Wednesday, December 21, 2011

Progressive Rudeness

Life is full of interesting and educational experiences. My latest resulted from being a guest on Thom Hartmann’s radio show. I was invited on the show because of a recent American Spectator column I wrote entitled “Inequality in Perspective.” In an email, Hartmann’s producer relayed that he “found it to be very interesting and provocative.” Hartmann describes himself as “America’s number one progressive host.”

The interview got off to a bad start. After reading a couple of lines from my article Hartmann asked, “You don’t really believe that do you?” I responded that I never write anything I don’t believe. (I can’t imagine why I would.)

It was Hartmann’s idea to have me on his show. I was, in other words, his guest. We’ve never met. What is the point of starting a conversation with an insult? It violates basic rules of common courtesy. Before allowing me to say a word Hartmann resorted to personal attack and essentially accused me of being dishonest and insincere. Assuming that someone would say or write what they don’t believe says more about him than me.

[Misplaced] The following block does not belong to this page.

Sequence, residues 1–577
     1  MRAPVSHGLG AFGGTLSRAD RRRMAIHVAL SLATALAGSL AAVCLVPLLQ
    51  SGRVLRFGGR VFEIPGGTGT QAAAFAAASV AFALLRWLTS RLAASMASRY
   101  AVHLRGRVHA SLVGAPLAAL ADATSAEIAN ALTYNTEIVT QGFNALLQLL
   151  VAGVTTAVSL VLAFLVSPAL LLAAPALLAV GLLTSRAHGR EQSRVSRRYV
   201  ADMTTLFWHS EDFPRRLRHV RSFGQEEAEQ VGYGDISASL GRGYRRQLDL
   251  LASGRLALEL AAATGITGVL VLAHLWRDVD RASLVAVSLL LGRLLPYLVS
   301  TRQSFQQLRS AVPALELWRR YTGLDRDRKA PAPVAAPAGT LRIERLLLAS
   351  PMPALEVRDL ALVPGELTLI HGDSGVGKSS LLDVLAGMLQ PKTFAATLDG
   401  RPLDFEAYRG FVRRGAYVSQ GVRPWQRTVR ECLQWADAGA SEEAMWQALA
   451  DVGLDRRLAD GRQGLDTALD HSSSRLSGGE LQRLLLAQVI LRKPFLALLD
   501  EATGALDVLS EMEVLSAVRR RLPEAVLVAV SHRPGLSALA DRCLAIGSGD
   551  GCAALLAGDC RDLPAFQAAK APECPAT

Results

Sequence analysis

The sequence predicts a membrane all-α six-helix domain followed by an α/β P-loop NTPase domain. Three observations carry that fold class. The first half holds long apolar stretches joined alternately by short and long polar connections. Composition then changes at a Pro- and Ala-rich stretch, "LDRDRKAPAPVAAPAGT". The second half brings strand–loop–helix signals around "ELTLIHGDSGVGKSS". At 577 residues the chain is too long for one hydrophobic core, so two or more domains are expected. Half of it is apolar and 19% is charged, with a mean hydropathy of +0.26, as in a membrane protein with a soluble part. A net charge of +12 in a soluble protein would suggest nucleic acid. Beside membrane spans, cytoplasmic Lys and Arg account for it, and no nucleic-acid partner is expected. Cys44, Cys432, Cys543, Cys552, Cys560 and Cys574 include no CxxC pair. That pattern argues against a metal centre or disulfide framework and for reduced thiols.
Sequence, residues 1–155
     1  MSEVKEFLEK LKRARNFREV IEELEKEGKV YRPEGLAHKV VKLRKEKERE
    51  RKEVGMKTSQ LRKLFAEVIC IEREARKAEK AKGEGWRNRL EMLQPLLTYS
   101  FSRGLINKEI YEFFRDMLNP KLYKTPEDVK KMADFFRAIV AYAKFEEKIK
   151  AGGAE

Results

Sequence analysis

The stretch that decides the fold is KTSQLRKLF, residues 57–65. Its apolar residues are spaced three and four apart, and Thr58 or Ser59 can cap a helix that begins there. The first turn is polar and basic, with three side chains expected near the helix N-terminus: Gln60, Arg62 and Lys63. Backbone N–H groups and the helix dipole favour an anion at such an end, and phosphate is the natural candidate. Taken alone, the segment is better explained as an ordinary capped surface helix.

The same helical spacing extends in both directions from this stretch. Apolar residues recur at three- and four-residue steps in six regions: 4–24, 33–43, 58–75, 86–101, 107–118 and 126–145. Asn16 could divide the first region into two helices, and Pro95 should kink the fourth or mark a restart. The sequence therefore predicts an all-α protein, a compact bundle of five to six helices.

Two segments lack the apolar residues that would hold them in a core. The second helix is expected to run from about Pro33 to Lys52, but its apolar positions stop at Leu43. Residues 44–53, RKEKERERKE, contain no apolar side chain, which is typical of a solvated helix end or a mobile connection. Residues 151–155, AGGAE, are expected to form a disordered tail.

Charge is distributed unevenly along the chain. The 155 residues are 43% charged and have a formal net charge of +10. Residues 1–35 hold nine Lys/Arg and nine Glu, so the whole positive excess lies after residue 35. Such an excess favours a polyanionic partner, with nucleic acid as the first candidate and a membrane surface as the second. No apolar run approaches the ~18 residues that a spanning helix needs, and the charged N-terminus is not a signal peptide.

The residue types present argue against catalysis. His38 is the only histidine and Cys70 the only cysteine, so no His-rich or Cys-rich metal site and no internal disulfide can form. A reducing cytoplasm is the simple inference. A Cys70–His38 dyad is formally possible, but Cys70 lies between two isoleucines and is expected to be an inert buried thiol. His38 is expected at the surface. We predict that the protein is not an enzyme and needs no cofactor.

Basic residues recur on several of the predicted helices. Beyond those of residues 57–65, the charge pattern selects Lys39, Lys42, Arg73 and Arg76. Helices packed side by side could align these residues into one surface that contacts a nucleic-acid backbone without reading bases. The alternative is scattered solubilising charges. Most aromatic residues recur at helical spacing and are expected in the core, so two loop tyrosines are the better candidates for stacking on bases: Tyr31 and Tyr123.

For the interview that lasted about ten minutes I doubt that I was given more than two minutes to talk. Most of the time was spent with Hartmann reading statistics from articles correlating human happiness with income equality.

In her email inviting me to be a guest on the show, Hartmann’s producer wrote, “In the interest of full disclosure, our politics lean left, however, we promise a polite, respectful and above all a fair discussion of the issues only.” Their disclosure might have been full, but it was not particularly honest. Saying their politics “lean left” is a bit of an understatement. I think it would be more accurate to say they toppled into the left abyss long ago. Hartmann apparently makes promises with no intention of keeping them.

Based on how the interview was conducted, Hartmann was not the least bit interested in anything I might have to say. Frankly, I am still somewhat confused as to why he wanted me on his show. He could have taken issue with what I wrote in my article without having me on the phone.

One thing I will give Hartmann credit for — he is completely up-front about how high he wants tax rates to go. He says he wants the top federal income tax rate to be at least 70 percent. Very few Democrats will ever actually admit what their wishes really are in that regard. For purposes of public consumption, they usually say they only want rates on “millionaires and billionaires” to go up “a tiny bit.” (Repeal the Bush tax cuts, for example.) Robert Reich is the only other prominent liberal I have seen admit he wants rates to go to 70 percent.